Article Text

PDF

Highlighting the importance of “popular epidemiology”
  1. Gareth Morgan
  1. Correspondence to:
 Mr G Morgan
 41 Ffordd Beck, Gowerton, Swansea SA4 3GE, Wales; morganfforrdbeck.fsnet.co.uk

Statistics from Altmetric.com

Common sense dictates that communities that feel most understood in terms of daily experience will also be the ones most receptive to a health improvement policy.

In Wales, the community councils represent the lowest tier of local government. From personal service experience in one of the councils it seems that day to day, people are concerned with matters such as dog fouling, small scale vandalism, litter, and car parking facilities. These community concerns have an impact upon health and wellbeing in a variety of ways and might be appropriately termed “popular epidemiology”.

Anecdotally, it seems that family doctors working in the Welsh mining communities tended to be very aware of the importance of “popular epidemiology”. This awareness may have been related to several factors including high social capital and general openness between people. It therefore seems that “popular epidemiology” has less prominence now than it had historically and this is probably to the detriment of public health practice.

Does the concept of “popular epidemiology” fit into a theoretical scientific paradigm? Perhaps not as it is dynamic and highly dependent on virtually every factor imaginable. While scientific paradigms tend to focus on specific problems depending on the method used, “popular epidemiology” integrates multiple factors through life experience. Therefore, it relates strongly to perceptions, values, and belief systems and these can be variable.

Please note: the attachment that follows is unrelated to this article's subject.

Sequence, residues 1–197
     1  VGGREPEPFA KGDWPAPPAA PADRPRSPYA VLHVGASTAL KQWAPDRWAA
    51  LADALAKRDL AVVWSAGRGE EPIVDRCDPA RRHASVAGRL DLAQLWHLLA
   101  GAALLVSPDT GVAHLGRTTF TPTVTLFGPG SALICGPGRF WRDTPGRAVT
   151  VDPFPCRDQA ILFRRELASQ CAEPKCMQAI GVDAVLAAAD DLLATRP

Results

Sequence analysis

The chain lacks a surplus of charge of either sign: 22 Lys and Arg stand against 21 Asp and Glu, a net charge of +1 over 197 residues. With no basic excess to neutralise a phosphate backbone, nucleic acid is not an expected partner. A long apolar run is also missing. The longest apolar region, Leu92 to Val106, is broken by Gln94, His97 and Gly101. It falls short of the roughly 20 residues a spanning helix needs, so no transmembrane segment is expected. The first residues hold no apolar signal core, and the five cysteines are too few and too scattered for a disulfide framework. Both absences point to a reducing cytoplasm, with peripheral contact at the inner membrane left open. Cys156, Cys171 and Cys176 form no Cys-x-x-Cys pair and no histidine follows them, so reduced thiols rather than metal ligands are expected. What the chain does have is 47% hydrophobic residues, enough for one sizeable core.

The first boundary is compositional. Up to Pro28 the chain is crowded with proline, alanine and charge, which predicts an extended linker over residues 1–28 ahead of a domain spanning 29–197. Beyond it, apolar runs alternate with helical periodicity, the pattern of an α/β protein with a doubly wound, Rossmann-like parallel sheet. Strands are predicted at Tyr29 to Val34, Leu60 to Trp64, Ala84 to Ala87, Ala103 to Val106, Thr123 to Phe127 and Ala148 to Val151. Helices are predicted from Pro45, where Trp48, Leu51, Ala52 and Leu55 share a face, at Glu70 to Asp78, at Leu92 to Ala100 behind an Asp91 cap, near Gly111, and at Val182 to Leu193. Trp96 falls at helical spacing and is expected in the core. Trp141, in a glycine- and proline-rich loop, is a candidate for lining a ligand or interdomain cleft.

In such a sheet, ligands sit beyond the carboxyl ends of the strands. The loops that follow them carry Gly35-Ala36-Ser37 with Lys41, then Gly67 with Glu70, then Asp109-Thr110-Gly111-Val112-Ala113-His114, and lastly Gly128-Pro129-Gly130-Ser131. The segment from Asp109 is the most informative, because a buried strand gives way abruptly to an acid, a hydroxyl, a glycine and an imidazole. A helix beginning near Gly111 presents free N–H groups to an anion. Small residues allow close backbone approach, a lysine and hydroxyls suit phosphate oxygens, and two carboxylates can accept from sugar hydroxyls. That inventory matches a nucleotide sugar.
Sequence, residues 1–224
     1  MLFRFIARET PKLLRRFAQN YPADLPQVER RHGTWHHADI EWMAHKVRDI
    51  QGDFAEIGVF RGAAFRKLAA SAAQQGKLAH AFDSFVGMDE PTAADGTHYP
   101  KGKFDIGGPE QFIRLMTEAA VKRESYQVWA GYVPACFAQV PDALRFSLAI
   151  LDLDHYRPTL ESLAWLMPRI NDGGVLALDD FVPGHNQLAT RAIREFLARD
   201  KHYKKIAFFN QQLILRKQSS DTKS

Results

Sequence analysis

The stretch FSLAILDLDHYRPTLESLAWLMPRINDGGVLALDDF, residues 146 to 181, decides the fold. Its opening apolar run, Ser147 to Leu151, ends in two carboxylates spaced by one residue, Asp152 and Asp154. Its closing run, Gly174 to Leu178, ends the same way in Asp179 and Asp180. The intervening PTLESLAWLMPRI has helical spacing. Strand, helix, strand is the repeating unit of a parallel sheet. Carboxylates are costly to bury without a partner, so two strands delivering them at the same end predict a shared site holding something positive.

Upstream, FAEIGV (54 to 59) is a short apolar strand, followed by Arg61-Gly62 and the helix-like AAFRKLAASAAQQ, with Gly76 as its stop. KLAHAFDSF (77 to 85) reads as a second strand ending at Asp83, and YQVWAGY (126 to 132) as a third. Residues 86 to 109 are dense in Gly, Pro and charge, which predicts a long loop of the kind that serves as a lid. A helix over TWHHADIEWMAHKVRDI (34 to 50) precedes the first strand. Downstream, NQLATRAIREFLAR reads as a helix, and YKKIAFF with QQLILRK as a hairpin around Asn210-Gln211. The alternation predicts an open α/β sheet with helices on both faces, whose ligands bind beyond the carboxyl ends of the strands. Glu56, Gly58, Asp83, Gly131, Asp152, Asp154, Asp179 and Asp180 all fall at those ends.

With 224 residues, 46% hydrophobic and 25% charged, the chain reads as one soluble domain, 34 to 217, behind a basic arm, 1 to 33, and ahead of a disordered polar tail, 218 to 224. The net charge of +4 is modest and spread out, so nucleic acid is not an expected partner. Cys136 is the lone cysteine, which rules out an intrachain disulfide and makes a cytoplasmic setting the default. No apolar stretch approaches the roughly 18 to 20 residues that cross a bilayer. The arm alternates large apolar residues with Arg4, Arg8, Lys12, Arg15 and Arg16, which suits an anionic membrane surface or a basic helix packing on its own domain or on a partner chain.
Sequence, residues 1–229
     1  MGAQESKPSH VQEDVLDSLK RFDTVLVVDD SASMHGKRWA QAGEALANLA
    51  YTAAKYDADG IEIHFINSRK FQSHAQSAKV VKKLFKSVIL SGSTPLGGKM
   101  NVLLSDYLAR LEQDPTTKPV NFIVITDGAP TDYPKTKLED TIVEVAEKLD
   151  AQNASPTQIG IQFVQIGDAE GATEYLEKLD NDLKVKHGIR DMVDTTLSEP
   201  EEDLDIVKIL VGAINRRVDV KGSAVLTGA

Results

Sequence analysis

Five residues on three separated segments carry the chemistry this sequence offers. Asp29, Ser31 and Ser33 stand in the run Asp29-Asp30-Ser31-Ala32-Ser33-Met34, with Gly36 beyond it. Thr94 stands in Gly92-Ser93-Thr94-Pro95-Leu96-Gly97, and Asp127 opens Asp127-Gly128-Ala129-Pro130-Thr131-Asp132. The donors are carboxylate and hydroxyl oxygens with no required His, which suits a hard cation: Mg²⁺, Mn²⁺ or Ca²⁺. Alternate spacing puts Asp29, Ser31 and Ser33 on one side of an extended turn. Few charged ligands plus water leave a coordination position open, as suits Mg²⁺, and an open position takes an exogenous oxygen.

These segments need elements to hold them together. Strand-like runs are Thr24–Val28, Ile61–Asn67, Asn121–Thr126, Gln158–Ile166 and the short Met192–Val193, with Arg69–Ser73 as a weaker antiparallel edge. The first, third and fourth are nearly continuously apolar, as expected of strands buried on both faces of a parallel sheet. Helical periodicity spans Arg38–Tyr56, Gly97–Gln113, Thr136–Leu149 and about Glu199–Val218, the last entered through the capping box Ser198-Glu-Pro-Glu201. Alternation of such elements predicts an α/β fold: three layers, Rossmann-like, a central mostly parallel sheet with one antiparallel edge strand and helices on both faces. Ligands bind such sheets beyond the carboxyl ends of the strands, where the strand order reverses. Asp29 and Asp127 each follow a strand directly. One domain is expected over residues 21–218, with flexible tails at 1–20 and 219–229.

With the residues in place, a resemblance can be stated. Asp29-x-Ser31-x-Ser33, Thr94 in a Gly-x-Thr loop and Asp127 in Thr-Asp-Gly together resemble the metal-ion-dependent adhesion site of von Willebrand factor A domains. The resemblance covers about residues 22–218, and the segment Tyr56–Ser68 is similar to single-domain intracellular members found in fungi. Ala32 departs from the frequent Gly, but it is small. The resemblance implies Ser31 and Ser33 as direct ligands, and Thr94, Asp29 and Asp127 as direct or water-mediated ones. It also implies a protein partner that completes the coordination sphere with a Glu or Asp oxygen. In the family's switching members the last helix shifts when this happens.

So while “popular epidemiology” may seem to be a nebulous concept, it does have a potential to support public health practice. Indeed, common sense dictates that communities that feel most understood in terms of daily experience will also be the ones most receptive to a health improvement policy.

Over the past 40 years, the Archie Cochrane legacy has done much to further the cause of the evidence based movement and the benefits of the legacy have been enormous. Yet there has been no emphasis on “popular epidemiology”. This paper highlights the importance of “popular epidemiology” so that it may be considered with the mainstream public health agenda.

Common sense dictates that communities that feel most understood in terms of daily experience will also be the ones most receptive to a health improvement policy.

View Abstract

Footnotes

  • Funding: none.

  • Conflicts of interest: none declared.

  • The author is a Community Councillor, Gowerton, Wales

Request permissions

If you wish to reuse any or all of this article please use the link below which will take you to the Copyright Clearance Center’s RightsLink service. You will be able to get a quick price and instant permission to reuse the content in many different ways.

Linked Articles

  • In this issue
    Carlos Alvarez-Dardet John R Ashton